Solving the above equations for n =1 to 6, we generate Fig. 3 that provides a parametric design space of the origami sheet; these design parameters can achieve either a square, hexagonal or both patterns in the lattice of inclusions attached onto the vertices of Miura-origami sheet. In Fig. 3, the black dashed curves provide the origami sheet design parameters that can achieve a hexagonal lattice pattern, while the red dash-dotted curves represent design parameters that can achieve a square lattice pattern. It can also be seen from Fig. 3 that for some design parameters (marked by a thick green dash-dotted curve), it is possible to achieve both square and hexagonal configurations; i.e., by folding the Miura-origami designs on a thick green dash-dotted line, the lattice of inclusions can transform between square and hexagonal patterns.

FIG. 3.

Achievable lattice configurations via Miura-Origami rigid folding based on different crease designs. Combinations of γ and a/b that can achieve a hexagonal lattice (H) and a square lattice (S) are represented by black dashed and red dashed-dotted curves respectively. Only the curves based on n = 1 to 6 are plotted. There exists a subset of γ and a/b combinations (thick green dash-dotted curve), where it is possible to switch between square (S) and hexagonal (H) lattice types.

FIG. 3.

Achievable lattice configurations via Miura-Origami rigid folding based on different crease designs. Combinations of γ and a/b that can achieve a hexagonal lattice (H) and a square lattice (S) are represented by black dashed and red dashed-dotted curves respectively. Only the curves based on n = 1 to 6 are plotted. There exists a subset of γ and a/b combinations (thick green dash-dotted curve), where it is possible to switch between square (S) and hexagonal (H) lattice types.

Close modal

Among the possible designs available (thick green-dash dotted line), as a proof of concept, we pick an origami sheet design represented by a circular marker that can transform between square and hexagonal lattice patterns; the circular marker represents the design with a crease length ratio (a/b) of 1 and a sector angle (γ) of 60°. As will be shown later, this design with the following values for the crease lengths a(=b) and the radius (R) of cylindrical inclusions, 0.56 (m) and 0.1477 (m) respectively, will block the dominant traffic noise spectra i.e., varying between 500 and 1200 (Hz). To demonstrate the lattice transformation, we illustrate the spatial distribution of inclusions in an OSB with the circular marker design in Figs. 1(b)–1(d); for the chosen set of parameters, the lattice of the inclusions is transformed from a hexagon into a square, and then to a hexagon pattern, when the folding angle is varied from 0° to 55° to 70° respectively. In this work, the cylindrical inclusions are made of polyvinyl chloride (PVC) material, and the OSB is placed in air that acts as the host media in which sound propagation is evaluated.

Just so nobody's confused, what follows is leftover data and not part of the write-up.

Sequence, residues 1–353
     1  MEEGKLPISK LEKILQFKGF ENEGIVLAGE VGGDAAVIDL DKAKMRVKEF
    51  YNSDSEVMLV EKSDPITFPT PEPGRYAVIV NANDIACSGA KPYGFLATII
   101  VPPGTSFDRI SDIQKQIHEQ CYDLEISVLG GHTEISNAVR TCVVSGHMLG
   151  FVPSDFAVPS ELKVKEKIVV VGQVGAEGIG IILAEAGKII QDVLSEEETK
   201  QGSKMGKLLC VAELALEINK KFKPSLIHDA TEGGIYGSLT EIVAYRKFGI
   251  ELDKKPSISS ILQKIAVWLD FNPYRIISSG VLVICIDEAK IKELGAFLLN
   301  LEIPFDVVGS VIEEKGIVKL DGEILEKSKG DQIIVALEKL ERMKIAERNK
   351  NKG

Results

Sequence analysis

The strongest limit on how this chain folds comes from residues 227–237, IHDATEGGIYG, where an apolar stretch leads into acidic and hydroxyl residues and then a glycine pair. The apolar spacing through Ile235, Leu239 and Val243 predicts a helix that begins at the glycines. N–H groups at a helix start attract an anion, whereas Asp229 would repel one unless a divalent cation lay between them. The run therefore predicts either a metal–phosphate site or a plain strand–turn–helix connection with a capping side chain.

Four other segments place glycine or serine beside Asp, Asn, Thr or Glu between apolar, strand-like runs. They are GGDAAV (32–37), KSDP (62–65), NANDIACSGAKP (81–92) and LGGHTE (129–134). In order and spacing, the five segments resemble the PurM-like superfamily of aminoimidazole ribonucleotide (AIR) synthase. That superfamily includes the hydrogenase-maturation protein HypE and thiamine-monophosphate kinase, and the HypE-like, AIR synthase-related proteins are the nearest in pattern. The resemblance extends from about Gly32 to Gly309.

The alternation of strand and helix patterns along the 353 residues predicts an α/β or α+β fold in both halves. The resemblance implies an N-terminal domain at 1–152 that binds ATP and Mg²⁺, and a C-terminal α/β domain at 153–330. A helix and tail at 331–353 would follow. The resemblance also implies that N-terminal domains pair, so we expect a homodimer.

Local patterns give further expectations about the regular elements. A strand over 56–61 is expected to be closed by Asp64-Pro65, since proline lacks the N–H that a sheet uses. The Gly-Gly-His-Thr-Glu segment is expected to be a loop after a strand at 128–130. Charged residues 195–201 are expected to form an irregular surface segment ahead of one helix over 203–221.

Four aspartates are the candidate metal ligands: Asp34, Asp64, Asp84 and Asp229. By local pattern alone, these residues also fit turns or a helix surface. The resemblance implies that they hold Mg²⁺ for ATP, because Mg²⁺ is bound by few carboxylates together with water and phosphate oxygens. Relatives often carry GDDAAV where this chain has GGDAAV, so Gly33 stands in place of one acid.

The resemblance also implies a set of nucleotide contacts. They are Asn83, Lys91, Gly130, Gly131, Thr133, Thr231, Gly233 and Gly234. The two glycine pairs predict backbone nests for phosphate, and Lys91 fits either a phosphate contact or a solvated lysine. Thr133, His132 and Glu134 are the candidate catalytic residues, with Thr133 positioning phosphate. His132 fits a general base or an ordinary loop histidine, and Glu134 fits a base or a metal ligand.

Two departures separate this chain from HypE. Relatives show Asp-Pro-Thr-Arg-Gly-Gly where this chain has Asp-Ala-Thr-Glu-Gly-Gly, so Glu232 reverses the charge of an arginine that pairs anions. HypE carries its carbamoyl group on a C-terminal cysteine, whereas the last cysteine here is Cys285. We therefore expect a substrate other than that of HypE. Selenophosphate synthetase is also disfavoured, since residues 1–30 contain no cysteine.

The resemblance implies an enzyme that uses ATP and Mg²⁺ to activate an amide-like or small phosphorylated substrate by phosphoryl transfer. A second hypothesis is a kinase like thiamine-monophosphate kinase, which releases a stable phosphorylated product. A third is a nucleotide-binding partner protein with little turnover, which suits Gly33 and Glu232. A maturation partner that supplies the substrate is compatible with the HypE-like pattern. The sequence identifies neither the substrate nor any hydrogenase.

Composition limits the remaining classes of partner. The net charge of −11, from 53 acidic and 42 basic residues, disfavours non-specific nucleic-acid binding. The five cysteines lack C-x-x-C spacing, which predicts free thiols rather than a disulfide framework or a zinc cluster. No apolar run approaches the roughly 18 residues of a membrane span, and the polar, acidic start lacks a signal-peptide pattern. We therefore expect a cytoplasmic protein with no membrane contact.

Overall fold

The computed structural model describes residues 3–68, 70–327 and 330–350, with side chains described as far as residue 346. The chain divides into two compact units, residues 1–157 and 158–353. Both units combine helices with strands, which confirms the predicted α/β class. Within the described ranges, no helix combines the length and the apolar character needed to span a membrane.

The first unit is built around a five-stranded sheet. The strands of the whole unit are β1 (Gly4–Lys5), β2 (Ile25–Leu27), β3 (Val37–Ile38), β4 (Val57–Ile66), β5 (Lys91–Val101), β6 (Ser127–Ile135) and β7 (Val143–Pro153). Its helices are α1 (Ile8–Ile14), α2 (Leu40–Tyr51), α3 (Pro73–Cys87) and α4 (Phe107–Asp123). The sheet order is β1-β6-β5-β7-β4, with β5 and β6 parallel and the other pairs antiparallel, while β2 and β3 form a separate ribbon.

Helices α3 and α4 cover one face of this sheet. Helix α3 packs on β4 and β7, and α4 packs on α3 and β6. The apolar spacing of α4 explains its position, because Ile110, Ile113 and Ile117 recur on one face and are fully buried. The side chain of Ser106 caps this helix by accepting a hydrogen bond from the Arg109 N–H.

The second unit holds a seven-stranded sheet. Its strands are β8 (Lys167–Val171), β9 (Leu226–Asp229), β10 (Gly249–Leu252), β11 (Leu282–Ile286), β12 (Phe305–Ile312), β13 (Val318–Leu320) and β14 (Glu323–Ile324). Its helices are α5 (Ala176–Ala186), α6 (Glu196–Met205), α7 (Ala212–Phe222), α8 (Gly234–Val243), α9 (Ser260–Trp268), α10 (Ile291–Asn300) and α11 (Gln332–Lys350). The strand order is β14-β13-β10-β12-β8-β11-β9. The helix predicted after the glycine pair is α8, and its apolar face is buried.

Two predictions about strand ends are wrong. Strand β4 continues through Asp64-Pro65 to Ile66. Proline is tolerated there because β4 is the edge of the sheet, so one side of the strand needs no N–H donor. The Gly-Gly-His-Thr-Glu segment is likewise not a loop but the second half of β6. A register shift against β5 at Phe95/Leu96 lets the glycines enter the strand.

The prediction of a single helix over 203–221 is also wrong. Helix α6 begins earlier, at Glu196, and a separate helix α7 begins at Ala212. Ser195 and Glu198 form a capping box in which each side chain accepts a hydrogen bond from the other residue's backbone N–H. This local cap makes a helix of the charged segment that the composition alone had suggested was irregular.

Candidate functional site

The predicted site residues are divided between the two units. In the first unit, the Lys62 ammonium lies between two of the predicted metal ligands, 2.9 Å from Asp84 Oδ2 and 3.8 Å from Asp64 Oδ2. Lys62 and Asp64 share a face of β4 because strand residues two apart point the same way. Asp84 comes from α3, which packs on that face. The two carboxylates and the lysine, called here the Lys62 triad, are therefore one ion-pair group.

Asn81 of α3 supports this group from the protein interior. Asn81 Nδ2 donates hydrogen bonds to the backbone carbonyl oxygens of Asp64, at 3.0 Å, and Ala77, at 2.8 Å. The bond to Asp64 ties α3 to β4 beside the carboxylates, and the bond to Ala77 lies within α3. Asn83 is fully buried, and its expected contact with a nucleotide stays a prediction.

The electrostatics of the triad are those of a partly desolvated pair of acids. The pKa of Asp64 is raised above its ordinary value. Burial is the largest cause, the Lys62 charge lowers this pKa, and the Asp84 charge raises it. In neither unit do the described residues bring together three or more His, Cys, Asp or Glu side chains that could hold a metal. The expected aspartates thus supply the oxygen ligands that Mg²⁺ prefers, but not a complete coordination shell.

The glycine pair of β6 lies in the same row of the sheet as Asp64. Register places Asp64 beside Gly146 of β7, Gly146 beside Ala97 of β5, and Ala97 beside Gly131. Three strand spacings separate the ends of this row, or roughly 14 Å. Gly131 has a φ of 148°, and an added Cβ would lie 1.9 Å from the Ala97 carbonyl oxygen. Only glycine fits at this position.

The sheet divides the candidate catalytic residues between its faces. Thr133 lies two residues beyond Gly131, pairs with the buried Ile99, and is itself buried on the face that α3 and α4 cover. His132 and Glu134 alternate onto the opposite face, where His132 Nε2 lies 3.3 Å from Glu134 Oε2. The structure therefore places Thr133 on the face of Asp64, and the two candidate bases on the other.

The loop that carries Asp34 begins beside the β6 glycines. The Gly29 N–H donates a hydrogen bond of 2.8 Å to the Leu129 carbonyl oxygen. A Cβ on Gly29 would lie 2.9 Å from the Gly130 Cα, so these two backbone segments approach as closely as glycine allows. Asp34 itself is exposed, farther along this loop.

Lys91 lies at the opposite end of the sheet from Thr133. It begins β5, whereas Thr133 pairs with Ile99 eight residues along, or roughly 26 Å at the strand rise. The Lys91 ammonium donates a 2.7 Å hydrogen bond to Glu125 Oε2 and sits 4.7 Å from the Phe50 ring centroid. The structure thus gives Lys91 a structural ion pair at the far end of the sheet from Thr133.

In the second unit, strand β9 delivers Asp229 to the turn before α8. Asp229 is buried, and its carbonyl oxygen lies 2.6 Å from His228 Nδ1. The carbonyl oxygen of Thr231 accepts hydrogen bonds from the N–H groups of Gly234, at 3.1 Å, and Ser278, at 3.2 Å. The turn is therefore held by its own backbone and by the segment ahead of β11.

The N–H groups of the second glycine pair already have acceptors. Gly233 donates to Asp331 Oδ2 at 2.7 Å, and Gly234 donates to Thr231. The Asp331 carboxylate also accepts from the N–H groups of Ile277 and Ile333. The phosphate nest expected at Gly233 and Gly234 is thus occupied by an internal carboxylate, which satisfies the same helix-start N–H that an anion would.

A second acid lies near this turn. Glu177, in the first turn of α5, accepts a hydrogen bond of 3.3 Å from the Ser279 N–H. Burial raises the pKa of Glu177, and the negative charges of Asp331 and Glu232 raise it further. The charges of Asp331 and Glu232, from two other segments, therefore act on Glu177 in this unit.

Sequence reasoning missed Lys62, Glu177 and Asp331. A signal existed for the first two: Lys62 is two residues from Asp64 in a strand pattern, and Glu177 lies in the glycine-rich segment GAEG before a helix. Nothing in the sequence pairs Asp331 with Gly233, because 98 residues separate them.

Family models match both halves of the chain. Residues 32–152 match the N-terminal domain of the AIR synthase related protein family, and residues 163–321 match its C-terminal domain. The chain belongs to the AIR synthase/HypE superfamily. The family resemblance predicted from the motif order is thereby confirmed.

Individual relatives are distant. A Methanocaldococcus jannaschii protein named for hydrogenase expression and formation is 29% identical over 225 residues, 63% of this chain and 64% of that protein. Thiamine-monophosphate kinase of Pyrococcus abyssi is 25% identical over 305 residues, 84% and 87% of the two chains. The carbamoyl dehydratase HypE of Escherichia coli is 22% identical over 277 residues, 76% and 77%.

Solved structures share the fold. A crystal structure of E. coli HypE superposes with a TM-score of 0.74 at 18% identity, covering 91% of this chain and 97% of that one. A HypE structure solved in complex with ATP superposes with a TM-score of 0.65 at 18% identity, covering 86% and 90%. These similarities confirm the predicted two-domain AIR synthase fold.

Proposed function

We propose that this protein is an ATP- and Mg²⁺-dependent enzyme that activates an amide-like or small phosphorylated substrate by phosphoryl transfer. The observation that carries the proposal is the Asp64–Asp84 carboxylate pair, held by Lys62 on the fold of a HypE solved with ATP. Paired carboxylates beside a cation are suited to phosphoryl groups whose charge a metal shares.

In order to study the effect of lattice reconfiguration on the bandgap features of an OSB, the first principle wave equation [Eq. (3)] is solved via the PWE method. The OSB is assumed to be large in the axis parallel to the inclusions and we only solve for the acoustic wave propagation through the plane perpendicular to the inclusion axis. The OSB being periodic in the xy plane, its wave behavior can be evaluated by solving the wave equations [Eq. (3)] inside a unit-cell with appropriate boundary conditions [Fig. 4(a)]. This unit-cell, as represented by a dashed rectangle in Fig. 4(a), consists of a basis that is formed by two inclusions marked with centers at C1 and C2, and is composed of two lattice vectors a1 and a2; tessellations of this unit-cell combined with basis inclusions along a1 and a2 directions will re-create the origami sonic barrier. The relationship between the unit-cell parameters and the origami unit vertex parameters is given in Eq. (4),

FIG. 4.

(a) Description of a unit cell and a reduced 1st Brillouin zone used for the PWE method. (b) and (c) Models developed in COMSOL for evaluating the insertion loss (IL) spectra of an origami sonic barrier (OSB) at two different folding configurations.

FIG. 4.

(a) Description of a unit cell and a reduced 1st Brillouin zone used for the PWE method. (b) and (c) Models developed in COMSOL for evaluating the insertion loss (IL) spectra of an origami sonic barrier (OSB) at two different folding configurations.

Close modal
1ρcl22pt2=.1ρp,
(3)
a1=Lx̂,a2=W2ŷ,C1=|a1|2a1̂+|a2|2a2̂,C2=s3|a2|2a2̂.
(4)

The materials properties of PVC inclusions and the air host are given in Table I. Because of the high impedance mismatch between the solid inclusions and the fluid host, most of the wave energy incident onto the inclusions will be reflected. With little energy transfer into the inclusions, we can ignore any transverse vibrations and model the solid material as an equivalent media that can only sustain longitudinal wave propagation. Furthermore, the host is assumed to be ideal and does not dissipate any wave energy passing through it.

TABLE I.

Materials properties of inclusions and the host.

Materials propertiesPVCAir